Honolulu unveils charging station for electric TheBus fleet
Feb 25, 2022
The City and County of Honolulu’s is powering up its bus system.
In a move designed to reduce Honolulu’s dependence on fossil fuels and harmful greenhouse gas emissions, the City this week unveiled new electric vehicle charging stations at the Kalihi-Palama Bus Facility on Middle Street to serve its zero-emission TheBus fleet.
At a special event held on Feb. 22 to confirm all 17 City electric buses as operational, Mayor Rick Blangiardi applauded the joint effort between the Honolulu Department of Transportation Services (DTS), Honolulu Department of Design and Construction, and Oahu Transit Services, which worked with consultant Ronald N.S. Ho & Associates, Inc., and contractor Paul’s Electrical Contracting, LLC to complete the project.
The mayor was joined by Councilmember Radiant Cordero and representatives of several City departments, Hawaiian Electric, and others. These included DTS Director Roger Morton; Robert Yu, president and general manager of Oahu Transit Services; Nicola Hedge, deputy director of the Office of Climate Change, Sustainability and Resiliency; and Allyn Lee of the Department of Design and Construction.
“The real investment is in the people that you see walking to the bus stops here,” said Councilmember Cordero, chair of the Council’s Committee on Transportation, Sustainability and Health. “The investment is something that is so real. They see us investing not just in our roads, not just in our bus stops, but they see it in the types of vehicles that we are providing to them, the type of future that we are providing for future riders. They see that we care about our climate future and a just future for all of us.”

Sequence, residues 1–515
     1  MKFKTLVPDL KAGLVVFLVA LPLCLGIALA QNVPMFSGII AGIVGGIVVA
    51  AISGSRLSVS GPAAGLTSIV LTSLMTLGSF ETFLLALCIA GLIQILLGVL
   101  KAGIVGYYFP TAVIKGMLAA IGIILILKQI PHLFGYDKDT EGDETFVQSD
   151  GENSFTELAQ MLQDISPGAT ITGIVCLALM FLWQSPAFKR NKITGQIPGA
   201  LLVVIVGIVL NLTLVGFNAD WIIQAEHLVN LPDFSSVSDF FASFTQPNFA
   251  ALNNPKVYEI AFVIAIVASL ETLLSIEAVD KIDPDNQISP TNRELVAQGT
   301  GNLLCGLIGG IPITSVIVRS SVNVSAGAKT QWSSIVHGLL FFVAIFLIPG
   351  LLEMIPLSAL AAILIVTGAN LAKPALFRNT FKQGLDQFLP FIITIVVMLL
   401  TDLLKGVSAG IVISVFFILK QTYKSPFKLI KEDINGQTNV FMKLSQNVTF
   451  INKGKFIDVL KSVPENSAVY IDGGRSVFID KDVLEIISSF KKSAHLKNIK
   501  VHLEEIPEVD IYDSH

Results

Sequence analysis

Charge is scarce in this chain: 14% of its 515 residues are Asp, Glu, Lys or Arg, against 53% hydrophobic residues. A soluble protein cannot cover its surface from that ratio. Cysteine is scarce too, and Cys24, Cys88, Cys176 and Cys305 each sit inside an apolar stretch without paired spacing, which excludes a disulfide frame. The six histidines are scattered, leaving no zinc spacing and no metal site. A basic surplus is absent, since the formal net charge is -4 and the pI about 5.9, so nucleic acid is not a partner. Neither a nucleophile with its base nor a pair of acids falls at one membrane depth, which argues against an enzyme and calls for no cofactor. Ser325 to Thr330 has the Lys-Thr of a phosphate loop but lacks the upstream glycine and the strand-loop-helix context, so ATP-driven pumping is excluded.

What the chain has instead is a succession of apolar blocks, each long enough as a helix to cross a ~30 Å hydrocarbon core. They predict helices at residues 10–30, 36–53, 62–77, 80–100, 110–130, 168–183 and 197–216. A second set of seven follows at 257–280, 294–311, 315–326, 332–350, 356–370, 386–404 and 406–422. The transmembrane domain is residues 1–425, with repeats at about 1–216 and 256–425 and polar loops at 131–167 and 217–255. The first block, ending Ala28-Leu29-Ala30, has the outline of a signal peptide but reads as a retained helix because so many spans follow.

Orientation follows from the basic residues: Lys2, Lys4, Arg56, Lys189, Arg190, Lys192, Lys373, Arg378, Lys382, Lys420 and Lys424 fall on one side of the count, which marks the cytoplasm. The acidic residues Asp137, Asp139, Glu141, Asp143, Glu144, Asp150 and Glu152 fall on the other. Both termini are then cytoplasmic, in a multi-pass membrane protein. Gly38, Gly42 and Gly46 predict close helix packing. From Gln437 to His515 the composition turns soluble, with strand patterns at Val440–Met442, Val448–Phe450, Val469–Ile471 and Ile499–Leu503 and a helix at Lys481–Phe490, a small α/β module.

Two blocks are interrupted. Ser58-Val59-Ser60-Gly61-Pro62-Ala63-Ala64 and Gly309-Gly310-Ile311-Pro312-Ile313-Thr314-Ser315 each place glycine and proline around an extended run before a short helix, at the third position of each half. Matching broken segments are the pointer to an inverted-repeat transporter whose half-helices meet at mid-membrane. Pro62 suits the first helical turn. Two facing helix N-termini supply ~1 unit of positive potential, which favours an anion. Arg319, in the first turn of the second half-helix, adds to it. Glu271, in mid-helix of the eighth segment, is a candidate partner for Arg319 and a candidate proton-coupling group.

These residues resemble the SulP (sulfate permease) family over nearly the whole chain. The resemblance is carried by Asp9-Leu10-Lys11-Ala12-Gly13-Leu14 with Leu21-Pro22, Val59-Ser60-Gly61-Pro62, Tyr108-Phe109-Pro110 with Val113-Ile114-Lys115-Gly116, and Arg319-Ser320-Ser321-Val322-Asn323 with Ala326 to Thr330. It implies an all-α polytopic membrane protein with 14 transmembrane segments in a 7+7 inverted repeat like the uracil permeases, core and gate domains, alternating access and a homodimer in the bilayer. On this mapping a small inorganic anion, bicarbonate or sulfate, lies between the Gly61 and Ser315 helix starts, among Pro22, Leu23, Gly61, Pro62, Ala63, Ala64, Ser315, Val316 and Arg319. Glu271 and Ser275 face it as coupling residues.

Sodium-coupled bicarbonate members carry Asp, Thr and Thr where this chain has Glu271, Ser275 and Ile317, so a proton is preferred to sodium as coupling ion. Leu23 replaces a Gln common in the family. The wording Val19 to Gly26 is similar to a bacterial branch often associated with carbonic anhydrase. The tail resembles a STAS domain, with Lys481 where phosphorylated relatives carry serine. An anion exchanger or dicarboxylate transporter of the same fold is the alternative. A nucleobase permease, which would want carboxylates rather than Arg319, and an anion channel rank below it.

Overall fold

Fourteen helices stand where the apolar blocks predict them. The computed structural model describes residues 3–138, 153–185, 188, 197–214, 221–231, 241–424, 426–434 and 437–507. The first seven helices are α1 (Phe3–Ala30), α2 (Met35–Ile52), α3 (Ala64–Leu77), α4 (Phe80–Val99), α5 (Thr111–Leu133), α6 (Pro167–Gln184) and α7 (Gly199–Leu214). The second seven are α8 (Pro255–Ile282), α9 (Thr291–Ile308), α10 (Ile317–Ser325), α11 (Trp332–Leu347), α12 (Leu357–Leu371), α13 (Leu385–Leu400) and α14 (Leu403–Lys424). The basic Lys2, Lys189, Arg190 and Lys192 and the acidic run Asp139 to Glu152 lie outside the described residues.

The zero-emission electric buses stand out among their gas-powered counterparts, notably because they run much quieter and without the exhaust often associated with municipal buses. They also feature the fitting moniker, Ua ‘A Ka Uilua, Power Up, Honolulu!
The charging station site was built out between December 2020 to October 2021 includes nine 150-kilowatt Siemens electric bus charger cabinets with 25 remote dispensers and related electrical infrastructure (transformer, electrical distribution cabinet, underground conduits and wiring) at the Ready Line area at the Kalihi-Palama Bus Facility. The charging facility is able to charge nine buses simultaneously.
The charges will draft from an Oahu electricity grid that is increasingly powered by renewables. In addition, charging will be scheduled during the day to take advantage of peak solar power generation on the grid — and an attractive rate from Hawaiian Electric. Hawaii Energy also secured a $35,000 energy credit toward the project, which was credited to the electricity bill for the site.